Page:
felt prejudice and discrimination from other students, and to a lesser extent, from theirteachers. Counselors were less likely to be perceived as unfair. This finding is echoed inSung's study (1996), in which the Filipino, Cambodian, and Mien-Lao middle school students

in the East Bay (California) were highly critical of the school environment: "teachers who

don't teach...don't care about Black and Asian kids...they are hostile and prejudiced" (p. 19).

L.N. Huang's study (1989) of 51 Vietnamese, Chinese, and Cambodian refugee school-

age children found that the two most commonly mentioned concerns of these children were

physical altercations with peers in school and -social interactions with peers. Surprisingly,concern with language and cognitive difficulties was minimal. One disturbing finding fromthe study of Hmong children in La Playa Elementary School, California (Trueba, Jacobs, &

Kirton, 1990) was the insensitivity of school personnel, leading to a sense of disengagement

felt by these children.

Racial tension in public schools that Asian American students attend has also beendocumented by other studies using a variety of data collection strategies (Davis & McDaid,

1992; First & Carrera, 1988; L.N. Huang, 1989; Olsen, 1988; Rumbaut & Ima, 1988; Sim,

1995). Apparently, racial incidents begin as early as elementary school and escalate duringhigh school. Rumbaut and Ima's 1988 study in San Diego found that overall suspension rates

for African American, Latino, and white students were higher than for Asian students, but that

the main reason Asian American students were suspended was fighting. Among Asianstudents, the proportion of suspensions for fighting was much higher for Filipino andSoutheast Asian students than all other ethnic groups, in1uding white, Latino, and AfricanAmericans. These fights were attributed to cultural barriers and prejudice against Asians,especially Southeast Asians. When teachers and administrators were perceived asunsympathetic to their plight, some Asian American students took matters into their ownhands. Within the group of Southeast Asians, Vietnamese and Laotian students were more

likely to be drawn into racial confrontations than were Hmongs and Cambodians.

The U.S. Commission on Civil Rights (1992) sees the negative racial climate inschools as contributing to school failure:

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The pervasive anti-Asian climate and the frequent acts of bigotry and violence in ourschools not only inflict hidden injuries and lasting damage, but also create barriersto the educational attainment of the Asian American student victims, such assuspension from school and dropping out of school (p. 97).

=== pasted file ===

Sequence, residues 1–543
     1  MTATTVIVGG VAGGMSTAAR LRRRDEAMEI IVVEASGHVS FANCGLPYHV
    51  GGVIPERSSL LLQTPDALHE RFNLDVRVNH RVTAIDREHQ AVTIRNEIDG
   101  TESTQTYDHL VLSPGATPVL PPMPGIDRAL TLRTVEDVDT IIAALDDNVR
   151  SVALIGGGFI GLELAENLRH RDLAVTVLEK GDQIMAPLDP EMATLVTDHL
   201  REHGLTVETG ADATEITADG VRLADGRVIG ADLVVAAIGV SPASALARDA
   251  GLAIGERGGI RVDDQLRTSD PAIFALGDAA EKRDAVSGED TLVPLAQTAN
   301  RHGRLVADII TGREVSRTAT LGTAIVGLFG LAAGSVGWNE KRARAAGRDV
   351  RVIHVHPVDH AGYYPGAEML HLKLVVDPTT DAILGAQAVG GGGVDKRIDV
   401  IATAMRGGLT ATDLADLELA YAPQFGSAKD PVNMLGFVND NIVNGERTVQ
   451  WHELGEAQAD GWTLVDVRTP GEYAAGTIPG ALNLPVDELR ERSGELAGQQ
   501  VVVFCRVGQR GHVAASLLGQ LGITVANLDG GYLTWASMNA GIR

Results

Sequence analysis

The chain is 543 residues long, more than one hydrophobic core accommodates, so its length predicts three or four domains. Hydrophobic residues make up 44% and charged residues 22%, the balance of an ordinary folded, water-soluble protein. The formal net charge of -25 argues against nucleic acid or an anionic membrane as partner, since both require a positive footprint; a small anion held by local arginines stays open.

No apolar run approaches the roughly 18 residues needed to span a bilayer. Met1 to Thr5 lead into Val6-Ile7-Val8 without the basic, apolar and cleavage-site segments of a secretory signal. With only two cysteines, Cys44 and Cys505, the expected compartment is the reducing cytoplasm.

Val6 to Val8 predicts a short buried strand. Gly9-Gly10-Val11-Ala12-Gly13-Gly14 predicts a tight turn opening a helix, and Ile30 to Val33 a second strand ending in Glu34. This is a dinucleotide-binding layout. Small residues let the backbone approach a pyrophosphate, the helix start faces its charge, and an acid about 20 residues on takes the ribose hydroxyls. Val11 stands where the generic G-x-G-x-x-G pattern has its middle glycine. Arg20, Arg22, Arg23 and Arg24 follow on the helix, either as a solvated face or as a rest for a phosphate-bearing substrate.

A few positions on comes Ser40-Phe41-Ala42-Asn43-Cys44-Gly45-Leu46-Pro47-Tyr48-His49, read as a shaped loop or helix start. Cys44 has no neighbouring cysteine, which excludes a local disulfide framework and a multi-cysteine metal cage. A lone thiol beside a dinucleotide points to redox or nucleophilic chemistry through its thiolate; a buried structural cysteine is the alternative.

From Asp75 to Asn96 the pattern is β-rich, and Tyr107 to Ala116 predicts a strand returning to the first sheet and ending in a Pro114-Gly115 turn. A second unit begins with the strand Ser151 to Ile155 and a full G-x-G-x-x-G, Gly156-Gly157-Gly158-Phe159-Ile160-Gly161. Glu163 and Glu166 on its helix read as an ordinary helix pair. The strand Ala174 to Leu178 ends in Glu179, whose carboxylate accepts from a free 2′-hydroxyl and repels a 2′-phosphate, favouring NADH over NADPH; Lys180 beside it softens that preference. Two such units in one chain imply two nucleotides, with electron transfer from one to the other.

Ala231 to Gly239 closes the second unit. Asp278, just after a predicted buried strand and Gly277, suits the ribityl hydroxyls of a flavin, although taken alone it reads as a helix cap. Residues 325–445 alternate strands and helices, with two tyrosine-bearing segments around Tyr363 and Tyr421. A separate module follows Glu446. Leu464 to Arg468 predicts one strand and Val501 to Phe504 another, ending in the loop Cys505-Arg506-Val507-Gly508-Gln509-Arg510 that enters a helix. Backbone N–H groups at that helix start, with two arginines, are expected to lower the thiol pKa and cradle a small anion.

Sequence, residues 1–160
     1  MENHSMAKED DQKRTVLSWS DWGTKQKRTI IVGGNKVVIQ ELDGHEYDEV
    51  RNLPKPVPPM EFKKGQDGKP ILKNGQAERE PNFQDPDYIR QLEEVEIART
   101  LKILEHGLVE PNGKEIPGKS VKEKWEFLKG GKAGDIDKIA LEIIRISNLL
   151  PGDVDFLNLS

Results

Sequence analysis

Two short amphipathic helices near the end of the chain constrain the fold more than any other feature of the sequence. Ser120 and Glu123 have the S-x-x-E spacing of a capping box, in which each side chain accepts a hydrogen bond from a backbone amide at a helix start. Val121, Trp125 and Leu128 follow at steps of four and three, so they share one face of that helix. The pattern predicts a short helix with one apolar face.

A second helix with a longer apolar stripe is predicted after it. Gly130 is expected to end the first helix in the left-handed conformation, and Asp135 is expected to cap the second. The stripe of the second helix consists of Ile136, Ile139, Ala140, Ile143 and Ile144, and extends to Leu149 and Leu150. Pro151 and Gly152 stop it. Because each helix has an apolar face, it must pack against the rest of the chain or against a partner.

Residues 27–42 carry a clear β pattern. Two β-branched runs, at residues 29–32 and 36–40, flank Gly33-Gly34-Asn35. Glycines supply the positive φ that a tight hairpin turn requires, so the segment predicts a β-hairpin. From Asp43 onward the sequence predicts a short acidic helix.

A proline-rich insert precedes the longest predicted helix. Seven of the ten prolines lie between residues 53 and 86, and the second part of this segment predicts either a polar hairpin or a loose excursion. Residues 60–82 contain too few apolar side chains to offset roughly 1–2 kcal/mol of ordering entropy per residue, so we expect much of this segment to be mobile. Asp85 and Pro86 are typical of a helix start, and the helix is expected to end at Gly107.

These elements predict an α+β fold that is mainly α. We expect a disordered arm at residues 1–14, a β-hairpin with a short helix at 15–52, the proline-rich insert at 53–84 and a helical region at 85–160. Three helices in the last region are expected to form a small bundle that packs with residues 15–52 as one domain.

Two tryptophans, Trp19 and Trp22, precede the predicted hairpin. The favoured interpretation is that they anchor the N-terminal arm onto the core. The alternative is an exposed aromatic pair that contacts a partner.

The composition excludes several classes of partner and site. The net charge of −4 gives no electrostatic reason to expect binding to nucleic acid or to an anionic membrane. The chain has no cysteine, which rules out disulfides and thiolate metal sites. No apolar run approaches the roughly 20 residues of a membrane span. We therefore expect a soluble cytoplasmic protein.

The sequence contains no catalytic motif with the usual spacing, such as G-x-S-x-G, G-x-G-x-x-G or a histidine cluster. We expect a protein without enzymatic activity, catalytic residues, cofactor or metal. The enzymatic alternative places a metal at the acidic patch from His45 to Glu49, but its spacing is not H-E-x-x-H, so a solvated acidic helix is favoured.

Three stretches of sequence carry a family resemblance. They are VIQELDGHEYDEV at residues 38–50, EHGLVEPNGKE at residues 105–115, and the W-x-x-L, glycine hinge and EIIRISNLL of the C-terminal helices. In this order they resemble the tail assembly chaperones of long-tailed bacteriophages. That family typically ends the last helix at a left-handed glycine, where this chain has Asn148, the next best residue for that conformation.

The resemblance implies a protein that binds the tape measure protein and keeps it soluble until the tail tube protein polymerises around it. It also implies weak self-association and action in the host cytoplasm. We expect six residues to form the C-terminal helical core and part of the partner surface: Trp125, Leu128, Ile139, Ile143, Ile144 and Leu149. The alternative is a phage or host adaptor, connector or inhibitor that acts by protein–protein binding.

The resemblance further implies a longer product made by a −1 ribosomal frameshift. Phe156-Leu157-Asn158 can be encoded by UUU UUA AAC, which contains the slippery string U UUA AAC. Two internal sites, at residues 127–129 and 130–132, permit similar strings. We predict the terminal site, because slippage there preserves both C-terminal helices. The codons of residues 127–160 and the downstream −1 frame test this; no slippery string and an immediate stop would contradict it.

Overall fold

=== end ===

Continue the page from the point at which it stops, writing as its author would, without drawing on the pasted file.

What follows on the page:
In addition to tension based on racial differences, new immigrant Asian American

students sometimes encounter hostility from U.S.-born Asian American students due toconflicts in cultural beliefs and behaviors (Caplan, Choy, & Whitmore, 1991; Trueba, Cheng,

& Ima, 1993; Wong, 1988; Wong & Lopez, 1994). On a much more serious level, racialtension and a hostile school environment may divert students' focus from their studies to less

productive, or even destructive activities, and spur some Asian American youths to join gangs

for their own protection (U.S. Commission on Civil Rights, 1992, p. 96).

Lack of Cultural Affirmation

Building on his earlier work (Rumbaut & Ima, 1988), Ima (1992) conducted amultifaceted and multi-method study of the effectiveness of schooling for recent AsianAmerican immigrants and refugees enrolled in five secondary schools in Southern California.

The most salient and disturbing finding is that efficacy of services was a function of the goals

of the particular school the student attended. Students received poorer services in schools that

were Eurocentric, or were preoccupied with keeping order. None of the schools in the study

provided a culturally affirming environment. Through inadequate bilingual and ESL programs,

a lack of teaching materials written in the students' first languages, and ineffective assessment

and monitoring of student progress, schools in effect shattered the dreams of a better education

and a better future for many Asian American newcomers.

Educational Risk in the Community and Societal Contexts

In an earlier literature review (Siu, 1992a), I concluded that educational achievement

does not take place in a vacuum but in a community and societal context. I showed that the

Confucian values embraced by the Chinese, such as closeness of family, a willingness to work

hard, and a reverence for education, did not result in high school achievement for Chinese

Americans' in their earlier years in the United States. It was only after World War II, when

access to economic and educational opportunity became greater and the public's attitudetoward Chinese had moved toward tolerance, that educational achievement became associated